Past Reviews

Regional Reviews: Albuquerque/Santa Fe

On Clover Road
Santa Fe Playhouse
Review by Dean Yannias

Kelsey Landon, Vic Browder, and Chloe Carson
Photo by C. Stanley Photography
Steven Dietz is a prolific American playwright, having written about 40 plays and more than 10 adaptions so far. And yet I had never heard of him until Santa Fe Playhouse decided to mount his 2015 play On Clover Road. Dietz's plays cover all sorts of genres. Into what category does On Clover Road fit? It's billed as a thriller, but it's not the scary kind. Nothing Halloween-y about it. I'd call it "theatre of menace and violence," even though there's no such term.

Film noir aficionados will probably figure out what's really happening in this play sooner than I did. Nothing is as it first appears to be. The setup is that a mother is trying to reconnect with her daughter who ran off or was abducted at age 13. She has been living in a cult called The Farm for the past four years. The mother has hired a deprogrammer to bring her daughter back to her, physically and mentally and emotionally. The meeting place is a shabby room in an abandoned motel, expertly set-designed here by Paige Hathaway. Why such a remote location? That's the first clue that something nefarious is going on, and it wouldn't be fair to reveal any more of the plot. A few of Dietz's choices near the end of the play struck me as kind of phony, but I can't say which ones without giving away too much.

The first part of the play, which is a long conversation between Kate, the mother, and Stine, the deprogrammer, goes on a little too long. However, once the first plot twist occurs, the rest of the show moves quickly through the ninety minute running time, no intermission. Parts of this play are very physical, almost difficult to watch. You fear for the safety of the actors, but that just means that the fight choreography by Sydney Schwindt and Tris Ikeda is exceptional. Likewise, the sound design by Saibi Khalsa, lighting design by Max Doolittle, and props by Emily Rankin are all first rate.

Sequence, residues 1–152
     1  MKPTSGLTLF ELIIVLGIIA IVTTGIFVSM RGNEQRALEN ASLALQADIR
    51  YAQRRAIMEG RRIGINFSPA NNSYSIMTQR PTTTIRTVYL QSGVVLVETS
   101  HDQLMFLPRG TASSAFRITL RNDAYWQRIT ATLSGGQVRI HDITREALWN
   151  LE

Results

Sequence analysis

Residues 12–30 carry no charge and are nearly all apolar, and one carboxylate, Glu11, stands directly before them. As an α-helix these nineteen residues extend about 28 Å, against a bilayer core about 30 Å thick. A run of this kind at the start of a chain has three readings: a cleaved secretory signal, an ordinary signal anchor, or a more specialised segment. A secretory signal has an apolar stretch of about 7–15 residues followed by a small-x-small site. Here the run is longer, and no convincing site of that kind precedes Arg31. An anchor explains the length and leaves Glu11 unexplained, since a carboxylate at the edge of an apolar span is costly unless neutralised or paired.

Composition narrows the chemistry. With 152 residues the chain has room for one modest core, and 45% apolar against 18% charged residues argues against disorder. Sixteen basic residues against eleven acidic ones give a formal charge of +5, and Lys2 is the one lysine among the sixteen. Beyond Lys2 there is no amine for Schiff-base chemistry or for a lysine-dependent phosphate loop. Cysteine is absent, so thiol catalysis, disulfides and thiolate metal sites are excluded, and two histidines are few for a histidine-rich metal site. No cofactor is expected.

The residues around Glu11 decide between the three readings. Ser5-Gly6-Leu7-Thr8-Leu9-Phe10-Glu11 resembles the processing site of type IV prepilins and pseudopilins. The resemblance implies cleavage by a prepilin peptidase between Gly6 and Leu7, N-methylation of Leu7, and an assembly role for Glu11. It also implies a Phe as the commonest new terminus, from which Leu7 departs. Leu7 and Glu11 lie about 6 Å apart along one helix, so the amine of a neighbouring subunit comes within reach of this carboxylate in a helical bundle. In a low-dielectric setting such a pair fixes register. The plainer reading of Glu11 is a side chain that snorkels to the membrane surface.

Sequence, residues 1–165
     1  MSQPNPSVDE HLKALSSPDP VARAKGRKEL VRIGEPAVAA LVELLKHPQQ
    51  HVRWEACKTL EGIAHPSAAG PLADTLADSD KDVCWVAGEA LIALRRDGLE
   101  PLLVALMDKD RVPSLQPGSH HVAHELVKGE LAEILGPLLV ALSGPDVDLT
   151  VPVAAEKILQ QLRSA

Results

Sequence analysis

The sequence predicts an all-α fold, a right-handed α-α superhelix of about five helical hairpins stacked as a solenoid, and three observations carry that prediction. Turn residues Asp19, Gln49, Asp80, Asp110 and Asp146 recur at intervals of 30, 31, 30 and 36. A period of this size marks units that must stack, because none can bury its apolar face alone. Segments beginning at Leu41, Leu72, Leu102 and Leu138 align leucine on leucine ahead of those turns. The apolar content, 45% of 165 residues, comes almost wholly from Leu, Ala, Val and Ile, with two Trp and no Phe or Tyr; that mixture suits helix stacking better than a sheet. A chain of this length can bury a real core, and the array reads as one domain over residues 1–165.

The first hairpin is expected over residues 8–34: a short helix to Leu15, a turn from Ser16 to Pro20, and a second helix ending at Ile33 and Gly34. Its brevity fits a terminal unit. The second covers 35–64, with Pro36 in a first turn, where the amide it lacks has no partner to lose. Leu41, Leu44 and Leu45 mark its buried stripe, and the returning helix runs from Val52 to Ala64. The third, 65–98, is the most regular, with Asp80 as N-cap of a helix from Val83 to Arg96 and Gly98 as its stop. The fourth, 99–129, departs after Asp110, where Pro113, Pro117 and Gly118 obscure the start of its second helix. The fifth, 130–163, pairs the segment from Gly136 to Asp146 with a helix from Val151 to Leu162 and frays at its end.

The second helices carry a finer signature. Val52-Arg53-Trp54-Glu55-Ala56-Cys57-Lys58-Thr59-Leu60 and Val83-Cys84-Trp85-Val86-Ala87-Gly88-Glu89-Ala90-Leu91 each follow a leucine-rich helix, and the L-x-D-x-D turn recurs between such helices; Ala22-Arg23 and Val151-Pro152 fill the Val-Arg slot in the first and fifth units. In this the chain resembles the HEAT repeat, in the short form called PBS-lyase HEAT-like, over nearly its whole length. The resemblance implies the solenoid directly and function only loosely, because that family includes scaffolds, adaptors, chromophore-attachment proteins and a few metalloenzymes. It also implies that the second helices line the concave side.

Director Antonio Miniño has brought together an outstanding crew and a fine cast for this production. Kelsey Landon is put through the wringer as Kate. She never gets to leave the stage and Kate is ill-treated by the other characters all the way through. It's a performance remarkable for its authenticity and resilience. Vic Browder is great at creating a completely unlikeable character on stage. It takes guts to be so brutish and brutal. I think his few moments of head-twitching near the end are not something the Stine character would do, but otherwise it's a fully realized portrayal.

Chloe Carson as a cult member also has a difficult role, both dramatically and physically, and she plays it perfectly. I think Patrick MacDonald is somewhat miscast as the cult leader. He gets the sleaze and slime right, but doesn't bring the charisma that would attract lost souls to him. Tris Ikeda has a brief time on stage, acting moonily through all of it.

Would I recommend this play, despite some reservations? Yes, for the acting, directing and stagecraft. It's not fun in the conventional sense, but I do find it enjoyable to see a play that makes you pay attention and is very well performed.

On Clover Road runs through November 18, 2023, at Santa Fe Playhouse, 142 E De Vargas St, Santa Fe NM. Performances are Thursdays, Fridays, and Saturdays at 7:30, and Saturdays at 2:00. There is no performance on October 27th. For tickets and information, please visit